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Summary

Five Weeks in a Balloon

By Jules Verne

Translated by Frederick Paul Walter

Edited by Arthur Evans

Narrated by Graham Scott

One of the great "first novels" in world literature is now available in a complete, accurate English translation. Prepared by two of America's leading Verne scholars, Frederick Paul Walter and Arthur B. Evans, this edition honors not only Verne's farseeing science but also his zest, style, and storytelling brilliance. 

Initially published in 1863, Five Weeks in a Balloon was the first novel in what would become the author's Extraordinary Voyages series. It tells the tale of a 4,000-mile balloon trip over the mysterious continent of Africa, a trip that wouldn't actually take place until well into the next century. Fusing adventure, comedy, and science fiction, Five Weeks has all the key ingredients of classic Verne: sly humor and cheeky characters, an innovative scientific invention, a tangled plot that's full of suspense and surprise, and visions of an unknown realm.

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  • Tad Davis
  • 19-01-20

A grand adventure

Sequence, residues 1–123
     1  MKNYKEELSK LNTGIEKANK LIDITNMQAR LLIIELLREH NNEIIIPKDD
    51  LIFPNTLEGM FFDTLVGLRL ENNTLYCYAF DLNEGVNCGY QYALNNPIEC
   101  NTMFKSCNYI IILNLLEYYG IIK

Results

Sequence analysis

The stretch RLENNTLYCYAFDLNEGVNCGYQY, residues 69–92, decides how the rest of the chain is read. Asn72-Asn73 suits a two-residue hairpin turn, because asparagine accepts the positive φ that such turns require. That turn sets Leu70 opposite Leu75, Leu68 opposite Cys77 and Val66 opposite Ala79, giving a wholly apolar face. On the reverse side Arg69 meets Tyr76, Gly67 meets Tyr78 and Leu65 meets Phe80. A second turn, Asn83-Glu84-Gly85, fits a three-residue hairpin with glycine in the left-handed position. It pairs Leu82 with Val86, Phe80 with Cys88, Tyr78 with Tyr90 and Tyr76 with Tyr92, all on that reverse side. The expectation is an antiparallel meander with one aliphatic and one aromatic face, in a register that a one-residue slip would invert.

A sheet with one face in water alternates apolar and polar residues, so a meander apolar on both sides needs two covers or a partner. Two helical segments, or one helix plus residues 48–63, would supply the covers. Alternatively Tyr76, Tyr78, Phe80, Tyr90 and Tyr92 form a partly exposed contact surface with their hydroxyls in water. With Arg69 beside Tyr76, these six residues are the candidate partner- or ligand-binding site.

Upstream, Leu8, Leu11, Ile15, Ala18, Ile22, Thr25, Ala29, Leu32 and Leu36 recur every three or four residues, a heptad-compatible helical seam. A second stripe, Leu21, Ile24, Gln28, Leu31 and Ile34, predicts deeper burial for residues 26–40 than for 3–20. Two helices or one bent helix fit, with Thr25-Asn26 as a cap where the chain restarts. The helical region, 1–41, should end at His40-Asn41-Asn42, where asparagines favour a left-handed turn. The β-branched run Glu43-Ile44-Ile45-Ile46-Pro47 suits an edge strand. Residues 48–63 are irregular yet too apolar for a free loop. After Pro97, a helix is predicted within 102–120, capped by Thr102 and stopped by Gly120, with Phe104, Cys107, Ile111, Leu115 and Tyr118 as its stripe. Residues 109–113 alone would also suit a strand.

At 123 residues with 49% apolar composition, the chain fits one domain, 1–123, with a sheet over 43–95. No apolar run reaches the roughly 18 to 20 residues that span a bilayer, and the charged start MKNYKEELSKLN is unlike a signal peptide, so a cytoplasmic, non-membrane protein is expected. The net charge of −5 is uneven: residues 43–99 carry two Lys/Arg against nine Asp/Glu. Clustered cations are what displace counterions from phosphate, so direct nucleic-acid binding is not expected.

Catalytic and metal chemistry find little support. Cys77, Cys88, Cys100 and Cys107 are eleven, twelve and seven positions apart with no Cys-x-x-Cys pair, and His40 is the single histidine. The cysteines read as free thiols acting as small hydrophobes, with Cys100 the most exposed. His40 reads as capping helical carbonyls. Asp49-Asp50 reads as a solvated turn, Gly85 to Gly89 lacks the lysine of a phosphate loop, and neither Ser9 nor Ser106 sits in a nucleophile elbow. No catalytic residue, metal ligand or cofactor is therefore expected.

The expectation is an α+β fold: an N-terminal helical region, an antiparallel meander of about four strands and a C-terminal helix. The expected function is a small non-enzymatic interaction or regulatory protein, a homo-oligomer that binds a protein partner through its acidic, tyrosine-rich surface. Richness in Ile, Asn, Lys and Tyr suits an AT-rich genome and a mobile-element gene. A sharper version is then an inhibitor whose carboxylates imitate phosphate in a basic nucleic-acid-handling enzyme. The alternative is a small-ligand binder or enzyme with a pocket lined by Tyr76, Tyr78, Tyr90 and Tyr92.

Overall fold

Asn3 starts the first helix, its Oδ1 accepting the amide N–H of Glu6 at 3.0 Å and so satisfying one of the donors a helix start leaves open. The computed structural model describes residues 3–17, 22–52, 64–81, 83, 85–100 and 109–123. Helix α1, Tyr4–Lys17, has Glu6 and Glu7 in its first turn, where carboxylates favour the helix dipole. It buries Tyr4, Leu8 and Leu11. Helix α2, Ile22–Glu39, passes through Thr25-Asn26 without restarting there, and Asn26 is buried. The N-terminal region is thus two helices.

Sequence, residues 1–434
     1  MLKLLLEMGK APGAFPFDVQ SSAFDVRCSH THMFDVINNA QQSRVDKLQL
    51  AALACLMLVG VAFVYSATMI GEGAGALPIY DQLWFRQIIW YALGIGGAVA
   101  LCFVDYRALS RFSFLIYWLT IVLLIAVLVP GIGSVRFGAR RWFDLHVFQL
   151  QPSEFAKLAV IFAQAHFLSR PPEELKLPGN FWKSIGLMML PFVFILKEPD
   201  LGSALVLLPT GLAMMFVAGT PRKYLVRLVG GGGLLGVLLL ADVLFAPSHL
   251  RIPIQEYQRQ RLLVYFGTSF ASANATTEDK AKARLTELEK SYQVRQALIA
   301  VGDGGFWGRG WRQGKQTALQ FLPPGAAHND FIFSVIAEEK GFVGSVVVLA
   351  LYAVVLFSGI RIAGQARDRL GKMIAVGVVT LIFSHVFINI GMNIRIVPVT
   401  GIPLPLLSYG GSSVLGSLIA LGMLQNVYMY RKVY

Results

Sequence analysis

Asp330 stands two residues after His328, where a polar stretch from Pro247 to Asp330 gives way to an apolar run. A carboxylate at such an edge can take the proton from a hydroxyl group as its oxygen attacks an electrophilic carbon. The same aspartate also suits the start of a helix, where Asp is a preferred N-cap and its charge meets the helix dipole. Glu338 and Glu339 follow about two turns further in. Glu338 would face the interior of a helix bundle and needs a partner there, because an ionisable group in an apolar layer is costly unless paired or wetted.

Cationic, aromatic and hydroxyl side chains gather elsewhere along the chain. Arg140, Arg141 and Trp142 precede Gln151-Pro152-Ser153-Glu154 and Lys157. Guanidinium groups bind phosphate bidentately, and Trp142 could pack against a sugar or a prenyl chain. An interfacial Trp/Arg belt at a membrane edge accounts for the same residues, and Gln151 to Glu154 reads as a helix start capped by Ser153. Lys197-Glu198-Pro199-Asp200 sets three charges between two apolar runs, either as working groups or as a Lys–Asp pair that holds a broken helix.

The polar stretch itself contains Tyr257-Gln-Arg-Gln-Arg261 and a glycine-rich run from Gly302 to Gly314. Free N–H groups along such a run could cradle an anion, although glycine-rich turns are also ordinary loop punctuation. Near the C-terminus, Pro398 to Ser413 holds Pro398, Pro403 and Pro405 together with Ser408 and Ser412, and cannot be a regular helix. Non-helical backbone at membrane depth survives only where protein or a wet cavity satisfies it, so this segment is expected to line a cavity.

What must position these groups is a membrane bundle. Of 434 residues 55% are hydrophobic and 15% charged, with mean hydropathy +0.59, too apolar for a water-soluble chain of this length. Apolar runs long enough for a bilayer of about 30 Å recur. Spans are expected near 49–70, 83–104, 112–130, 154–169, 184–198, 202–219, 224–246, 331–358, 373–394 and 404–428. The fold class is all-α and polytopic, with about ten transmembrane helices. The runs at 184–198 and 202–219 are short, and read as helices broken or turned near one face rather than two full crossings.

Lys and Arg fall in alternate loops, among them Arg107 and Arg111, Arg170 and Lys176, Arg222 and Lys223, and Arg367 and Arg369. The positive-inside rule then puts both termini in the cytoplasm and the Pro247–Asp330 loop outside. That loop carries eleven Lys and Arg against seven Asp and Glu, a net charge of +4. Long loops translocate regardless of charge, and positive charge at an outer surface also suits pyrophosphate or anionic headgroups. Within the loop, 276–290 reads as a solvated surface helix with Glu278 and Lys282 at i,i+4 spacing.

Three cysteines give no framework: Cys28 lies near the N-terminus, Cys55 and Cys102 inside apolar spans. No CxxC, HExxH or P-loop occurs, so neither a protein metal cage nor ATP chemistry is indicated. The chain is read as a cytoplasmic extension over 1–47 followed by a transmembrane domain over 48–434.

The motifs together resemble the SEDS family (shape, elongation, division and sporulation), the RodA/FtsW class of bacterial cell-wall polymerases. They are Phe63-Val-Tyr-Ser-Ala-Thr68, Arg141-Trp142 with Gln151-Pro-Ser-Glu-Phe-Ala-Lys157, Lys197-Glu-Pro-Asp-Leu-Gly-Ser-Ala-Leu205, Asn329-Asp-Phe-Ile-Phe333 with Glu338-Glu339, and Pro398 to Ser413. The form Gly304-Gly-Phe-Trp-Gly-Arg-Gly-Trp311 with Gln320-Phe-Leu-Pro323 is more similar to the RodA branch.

Graham Scott Audio has released an audiobook of Jules Verne's first novel, Five Weeks in a Balloon. That by itself isn't unusual; what makes this special is that it uses the most recent and best translation of the novel, the one by Frederick Paul Walter, edited by Arthur B Evans, originally published in 2015 by Wesleyan University Press. It's almost impossible to find a Verne audiobook that uses a good translation, so on that score alone, the producer deserves kudos: all the more so because translator and editor are given credit on the cover. The book is narrated by Graham Scott. (Going out on a limb, I'm guessing he's the head of Graham Scott Audio). He's an engaging and brisk narrator, moving quickly through the book’s 44 chapters. He has a particularly good time with the Scottish friend and outdoorsman Dick Kennedy. His energy doesn't flag even when working through the seemingly interminable list of earlier explorers of Africa. (This is Jules Verne, after all: lists of names have to come into it somewhere.) The book centers on a small group of explorers led by Dr Samuel Fergusson. The plan is for the expedition to fly east to west across Africa, in the same direction as the equatorial trade winds; the balloon will rely on those winds to stay on course. Fergusson devises a way to heat and cool the hydrogen gas in the balloon without exposing it to an open flame. As it expands or contracts with the heat, the gas will move the balloon up or down — useful if a mountain peak is in the way, or if a different wind current needs to be found. (Verne is sometimes described as a prophet, but his imagination wasn't infallible. When one character expresses anxiety about the hydrogen “powderkeg” above their heads, Fergusson assures him that any flame would burn slowly and would still allow them to descend safely. In other words, Verne didn't predict the Hindenburg. In his defense, though, the translator’s introduction points out that some investigators have concluded the explosive nature of that fire was due to something other than hydrogen.) The explorers will cross the middle of Africa, from Zanzibar to St Louis, a city that straddles the mouth of the the Sénégal River on the western coast. It's supposed to take no more than a week. But because this is an adventure story, and the explorers consequently have adventures, the journey takes 5 weeks — hence the title. They are battered by storms, threatened by natives, attacked by vultures, even overtaken by locusts. Their balloon is damaged, the gas leaks, they begin to wonder if they'll make it to the west coast. The characters are not psychologically deep, but they are sharply drawn and completely believable. The explorers include Fergusson; his friend Dick Kennedy, a blustery Scot and an expert hunter (he tries but fails to stop Fergusson's plan, which he thinks is insane); and Joe, Fergusson’s manservant, who like many of Verne’s servants seems to know how to do everything. Joe, an irrepressible optimist, has a unique perspective: after watching the locust horde strip the ground below them bare, he compares them to “airborne shrimp.” But he's no caricature. On more than one occasion, the “gallant” Joe is prepared to make the supreme sacrifice to save his companions. There are many such trios in Verne novels, and clearly he found it a comfortable pattern from the beginning. Other events foreshadow later novels. At one point the explorers are becalmed in the desert. The description of their thirst and despair is harrowing and is every bit as compelling as a similar scene in Journey to the Center of the Earth. Verne could be sadistic toward his characters at times: in Twenty Thousand Leagues under the Seas, it's oxygen that's in short supply. And as in the other two novels, the one who is closest to perishing is rescued by his comrades, who give him the last tiny atom of the life-giving substance from the bottom of the last container. The fly in the ointment is Verne's patronizing attitudes toward the native peoples of Africa. He was no fan of colonialism, but he swam in that sea and internalized some of those values. There are times when he describes the African people with admiration, but he also uses the word “savage” on a regular basis, and the behavior he describes is often violent, barbaric, and superstitious. Yet a dying missionary rescued from cannibals by the travelers speaks of his captors with respect and devotion. The two attitudes exist in an unstable and uncomfortable relation to each other. There are other areas where there's an uneasy balance. The explorers kill a magnificent elephant and admire its grandeur — just before they cut it up and eat it. To his credit, Fergusson, like Captain Nemo after him, is strongly opposed to hunting just for the sake of killing. But Verne describes the hunt itself with relish. It's impossible for me to read a Jules Verne novel without breaking out a map. Far more than being the “father of science fiction,” he's the originator and practically sole practitioner of a genre that can best be described as “adventures in geography.” The problem, of course, is that maps have changed a lot since the novel was first published in 1863, probably maps of Africa more so than maps of other continents. So following the route of the adventurers can be a challenge. Hint: do a web search for “five weeks in a balloon map”. You should be able to find one “prepared by LJ Hetzel” specifically for this novel. A lot of it doesn't match our current knowledge of African geography, but it shows you what Verne thought was there. Apart from the reservations expressed above, the book is a grand adventure and listening to it is a treat. Graham Scott is a superb narrator. I hope he narrates more Verne novels, especially if he continues to pick excellent translations like this one. It's a great fit. But do yourself a favor after you've listened to the audiobook. Go out and buy the book itself — but make sure it's this edition. Doing that will give you the translator’s excellent introduction and notes, the wonderful illustrations reproduced from an early French edition, an annotated list of explorers mentioned in the text, and a bibliography of Jules Verne in English that sorts out the good translations from the bad ones.